"It's interesting when you see these two different communities co-existing in the same virtual space. It became clear that students from the two coasts had some concerns in common, like Maine's and California's mixed records on same-sex marriage. At the same time, they had very different cultures; for example, the Californians misread satirical projects from Maine as serious proposals. Letting both student bodies interact in The Pool brought those differences and similarities into relief."

ThoughtMesh ImageThoughtMesh is a tool for publishing online that began to materialize when Jon and Craig Dietrich started thinking about what their ideal publishing software would look like, if they could build it from the ground up. What they came up with is a tool that allows published articles to live socially on the web, articles can be distributed and published on any website online. At the same time, every essay, article, and document are connected to each other. And of course, it's easy to use, easy to share, and works as a non-linear presentation tool to boot!

We thought it appropriate to take some of Jon's work for a spin and create a ThoughtMesh document for this event. I've aggregated the five blog posts that introduce the five presenters for Thursday's event here:

Opening the Field: A ThoughtMesh Introduction

Once you click the link you'll see document navigation on the left, the ThoughtMesh tag cloud on top of the main column, and below that an abstract of the event. You can click through the navigation and read any of the introduction posts in their entirety, or you can use the tag cloud to search all 5 posts by keyword. Click on one of the keywords in the tag cloud to see which blog posts have been tagged similarly. If you click on "excerpts out," you're still searching with the same keywords, but now you're searching through every single document in the ThoughtMesh database. This is a great way to connect to other articles and essays you might be interested in. Jon thought this might prove a fun way to get acquainted with ThoughtMesh, so check it out and leave us a comment with your thoughts "" he might even call out for feedback at the event!

A healthy commons needs tools that facilitate, connect, and nurture its inhabitants. Jon will be presenting these ideas, and more, on Thursday evening.


When we talked with Jon, we also did a fair bit of shop-talk, which we really appreciated but I'll try not to bore you too much with here. Our conversation basically boiled down to Marshall McLuhan's mantra: The medium is the message. To what extent should an event like Opening the Field embody the values and beliefs that inspired the project in the first place? If Open Field is about opening up an institution, sharing knowledge, and creating a reinvigorated cultural commons in the Twin Cities, what kinds of tools do we use to talk about these ideas?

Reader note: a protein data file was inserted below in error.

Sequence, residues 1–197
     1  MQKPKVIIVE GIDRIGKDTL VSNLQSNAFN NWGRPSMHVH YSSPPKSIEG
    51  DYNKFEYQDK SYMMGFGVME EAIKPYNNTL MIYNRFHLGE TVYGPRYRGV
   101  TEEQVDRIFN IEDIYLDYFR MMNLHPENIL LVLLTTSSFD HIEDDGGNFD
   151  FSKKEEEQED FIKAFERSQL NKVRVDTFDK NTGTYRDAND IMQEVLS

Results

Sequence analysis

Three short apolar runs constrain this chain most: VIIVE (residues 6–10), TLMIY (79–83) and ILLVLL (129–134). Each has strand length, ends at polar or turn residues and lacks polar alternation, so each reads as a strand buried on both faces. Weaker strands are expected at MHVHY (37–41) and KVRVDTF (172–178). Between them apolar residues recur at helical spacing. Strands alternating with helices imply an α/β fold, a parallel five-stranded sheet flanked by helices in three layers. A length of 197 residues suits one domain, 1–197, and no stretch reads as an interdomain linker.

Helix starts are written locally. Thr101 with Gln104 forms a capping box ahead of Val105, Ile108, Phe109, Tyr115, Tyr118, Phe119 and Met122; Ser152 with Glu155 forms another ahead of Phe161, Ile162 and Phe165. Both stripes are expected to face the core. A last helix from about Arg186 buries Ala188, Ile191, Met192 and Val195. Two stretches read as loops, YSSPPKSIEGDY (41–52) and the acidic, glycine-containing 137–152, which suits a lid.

"Don't show your underwear" is a saying that I've picked up from local projection art group Minneapolis Art on Wheels. While this is generally pretty solid advice all around, it has a special meaning in the world of projection art: don't let your audience see your desktop, dashboard, or software interface.

When Works Progress co-produces large scale events like Opening the Field or 2008's Solutions for the Other 90%, we try very hard not to let our underwear show. We go to great lengths to aggregate the media content of all of our presenters into one seamless master presentation. We set it all up and we hit "full screen" and we cross your fingers that it stays in full screen mode all night long. In talking with Jon, it became increasingly clear that this strategy was neither appropriate or advantageous for this situation. Providing panelists with interactive tools like a Web browser might help them better respond to participation from the audience, as befits a program on sharing and the commons.

Presenters at Opening the Field will be able to toggle back and forth between Keynote, Firefox, and any other application or web tool they might find useful in presenting their ideas. On Thursday night, we're going to show you our underwear and you have Jon Ippolito to thank for that!